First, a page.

Summary: I've just released a new version of Shake, with a --demo feature and an underlying continuation monad. I want to release v1.0 in the near future.
I've just released a new version of the Shake build system, version 0.13.3. While the version number is only 0.0.1 higher, the changelog lists a large number of improvements. In particular, two changes are:
- The Action monad is now based on continuations, which allows Shake to suspend threads without requiring a GHC RTS thread. The result is significantly less memory used on thread stacks. I still find it quite amazing that Haskell has such powerful and robust abstraction mechanisms that a huge change doesn't even break the API.
- The shake binary now features a --demo mode, invoked by running shake --demo. This mode generates a Shake project, compiles it, and shows off some of the features of Shake. You can the output of --demo here.
With the two features above, I'm now looking towards Shake version 1.0. I'm not looking to make any significant backwards-incompatible change, or necessarily any code/API changes at all. However, if you have anything you think should be addressed before reaching such a milestone, please comment on the issue tracker or email the mailing list.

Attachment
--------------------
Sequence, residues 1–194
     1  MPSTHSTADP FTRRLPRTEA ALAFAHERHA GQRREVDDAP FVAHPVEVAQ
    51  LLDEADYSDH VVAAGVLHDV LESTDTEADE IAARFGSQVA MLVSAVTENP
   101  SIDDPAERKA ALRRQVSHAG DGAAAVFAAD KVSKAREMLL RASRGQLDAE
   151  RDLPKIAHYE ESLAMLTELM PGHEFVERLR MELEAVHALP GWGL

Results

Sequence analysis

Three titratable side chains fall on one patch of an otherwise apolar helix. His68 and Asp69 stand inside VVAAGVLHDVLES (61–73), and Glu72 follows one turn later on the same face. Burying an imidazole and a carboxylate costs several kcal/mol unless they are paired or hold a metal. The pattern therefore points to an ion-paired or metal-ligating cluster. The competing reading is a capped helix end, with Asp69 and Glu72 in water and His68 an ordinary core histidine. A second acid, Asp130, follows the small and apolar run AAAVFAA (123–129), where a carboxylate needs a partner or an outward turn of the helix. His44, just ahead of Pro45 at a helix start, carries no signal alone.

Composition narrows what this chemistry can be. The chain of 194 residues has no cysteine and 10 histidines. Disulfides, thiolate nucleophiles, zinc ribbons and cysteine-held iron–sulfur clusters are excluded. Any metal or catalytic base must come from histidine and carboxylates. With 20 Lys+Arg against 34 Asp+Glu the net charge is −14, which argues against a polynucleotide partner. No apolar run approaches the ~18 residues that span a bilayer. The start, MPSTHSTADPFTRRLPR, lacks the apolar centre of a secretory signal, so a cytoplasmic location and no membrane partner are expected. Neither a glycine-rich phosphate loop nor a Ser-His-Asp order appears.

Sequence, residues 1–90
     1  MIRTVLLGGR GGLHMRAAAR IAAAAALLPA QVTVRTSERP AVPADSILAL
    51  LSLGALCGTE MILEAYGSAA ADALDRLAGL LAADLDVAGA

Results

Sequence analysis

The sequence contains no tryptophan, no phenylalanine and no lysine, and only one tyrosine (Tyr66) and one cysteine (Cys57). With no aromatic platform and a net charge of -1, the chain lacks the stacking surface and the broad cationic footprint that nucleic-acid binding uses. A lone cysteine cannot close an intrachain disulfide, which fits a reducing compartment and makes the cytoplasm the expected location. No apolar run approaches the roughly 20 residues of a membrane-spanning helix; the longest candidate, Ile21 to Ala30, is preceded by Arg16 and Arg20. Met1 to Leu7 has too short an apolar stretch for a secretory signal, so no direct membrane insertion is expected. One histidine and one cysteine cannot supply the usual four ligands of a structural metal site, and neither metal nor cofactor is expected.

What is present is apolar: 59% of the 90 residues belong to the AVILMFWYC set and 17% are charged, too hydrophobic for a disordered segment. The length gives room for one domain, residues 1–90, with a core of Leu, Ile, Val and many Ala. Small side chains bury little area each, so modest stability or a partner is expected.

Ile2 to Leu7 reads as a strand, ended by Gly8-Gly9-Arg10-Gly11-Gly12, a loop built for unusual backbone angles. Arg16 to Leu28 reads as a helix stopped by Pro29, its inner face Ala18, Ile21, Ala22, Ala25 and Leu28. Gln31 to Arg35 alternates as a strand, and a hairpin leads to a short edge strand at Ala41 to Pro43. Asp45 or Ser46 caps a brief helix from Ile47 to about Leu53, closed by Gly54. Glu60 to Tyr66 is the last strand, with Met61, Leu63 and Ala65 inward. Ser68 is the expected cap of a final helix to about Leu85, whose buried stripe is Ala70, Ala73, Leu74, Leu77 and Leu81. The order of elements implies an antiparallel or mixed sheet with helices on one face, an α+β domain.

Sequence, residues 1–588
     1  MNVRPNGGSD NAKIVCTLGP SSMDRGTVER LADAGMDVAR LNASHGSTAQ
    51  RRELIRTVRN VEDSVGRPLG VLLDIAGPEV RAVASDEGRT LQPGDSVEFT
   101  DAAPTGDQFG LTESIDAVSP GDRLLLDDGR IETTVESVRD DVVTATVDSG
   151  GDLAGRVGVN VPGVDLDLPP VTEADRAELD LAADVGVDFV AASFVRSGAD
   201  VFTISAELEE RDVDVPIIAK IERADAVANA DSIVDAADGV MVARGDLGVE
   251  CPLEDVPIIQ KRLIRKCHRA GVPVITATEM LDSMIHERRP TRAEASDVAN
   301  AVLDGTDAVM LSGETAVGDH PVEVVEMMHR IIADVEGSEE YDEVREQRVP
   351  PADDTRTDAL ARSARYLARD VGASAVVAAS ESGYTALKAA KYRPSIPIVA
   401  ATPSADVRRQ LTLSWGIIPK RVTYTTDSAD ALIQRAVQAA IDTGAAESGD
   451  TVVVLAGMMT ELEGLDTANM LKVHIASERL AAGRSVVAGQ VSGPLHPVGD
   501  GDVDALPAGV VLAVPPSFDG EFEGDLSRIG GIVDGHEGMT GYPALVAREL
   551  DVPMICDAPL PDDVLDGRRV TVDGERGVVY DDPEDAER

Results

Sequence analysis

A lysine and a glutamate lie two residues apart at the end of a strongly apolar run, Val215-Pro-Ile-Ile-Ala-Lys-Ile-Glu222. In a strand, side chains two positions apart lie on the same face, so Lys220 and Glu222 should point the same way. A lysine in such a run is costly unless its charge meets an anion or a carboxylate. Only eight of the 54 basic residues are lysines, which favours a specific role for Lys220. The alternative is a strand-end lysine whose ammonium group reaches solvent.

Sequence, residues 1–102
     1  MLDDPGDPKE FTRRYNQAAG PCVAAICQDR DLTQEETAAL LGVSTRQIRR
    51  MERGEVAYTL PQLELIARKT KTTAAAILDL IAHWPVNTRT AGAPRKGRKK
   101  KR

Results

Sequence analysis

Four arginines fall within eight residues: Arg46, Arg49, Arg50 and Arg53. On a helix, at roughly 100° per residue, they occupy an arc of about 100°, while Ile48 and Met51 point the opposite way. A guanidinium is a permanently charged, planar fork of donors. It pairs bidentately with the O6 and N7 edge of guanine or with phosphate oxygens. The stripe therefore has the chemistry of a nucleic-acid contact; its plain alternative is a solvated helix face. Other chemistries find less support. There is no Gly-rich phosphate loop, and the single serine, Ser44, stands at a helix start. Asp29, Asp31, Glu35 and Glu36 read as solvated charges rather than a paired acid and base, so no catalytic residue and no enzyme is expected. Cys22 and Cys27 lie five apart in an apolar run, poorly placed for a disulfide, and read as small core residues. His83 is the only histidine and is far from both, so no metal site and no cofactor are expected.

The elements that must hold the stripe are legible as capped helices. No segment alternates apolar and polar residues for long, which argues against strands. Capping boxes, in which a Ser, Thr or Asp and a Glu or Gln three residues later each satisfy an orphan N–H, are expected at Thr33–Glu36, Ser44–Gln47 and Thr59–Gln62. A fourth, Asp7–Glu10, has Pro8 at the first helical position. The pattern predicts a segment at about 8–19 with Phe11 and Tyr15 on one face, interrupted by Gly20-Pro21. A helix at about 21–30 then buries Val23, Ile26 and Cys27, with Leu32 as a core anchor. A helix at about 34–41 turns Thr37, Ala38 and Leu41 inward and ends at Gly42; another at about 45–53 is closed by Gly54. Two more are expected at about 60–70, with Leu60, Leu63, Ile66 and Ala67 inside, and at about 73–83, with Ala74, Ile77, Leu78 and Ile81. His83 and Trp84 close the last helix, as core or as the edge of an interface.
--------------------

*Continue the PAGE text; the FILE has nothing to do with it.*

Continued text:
The one thing I still want to finish before releasing version 1.0 is to have a proper website for Shake. I've registered shakebuild.com which will host the content, and have set up GitHub pages to serve it up. I have some rough content in the docs directory and a prototype generator in the website directory - as an example it currently generates something a bit like this for the user manual, but with a table of contents when run through the latest generator. I'd appreciate any help with the content, the generator, or the styling - just email the mailing list.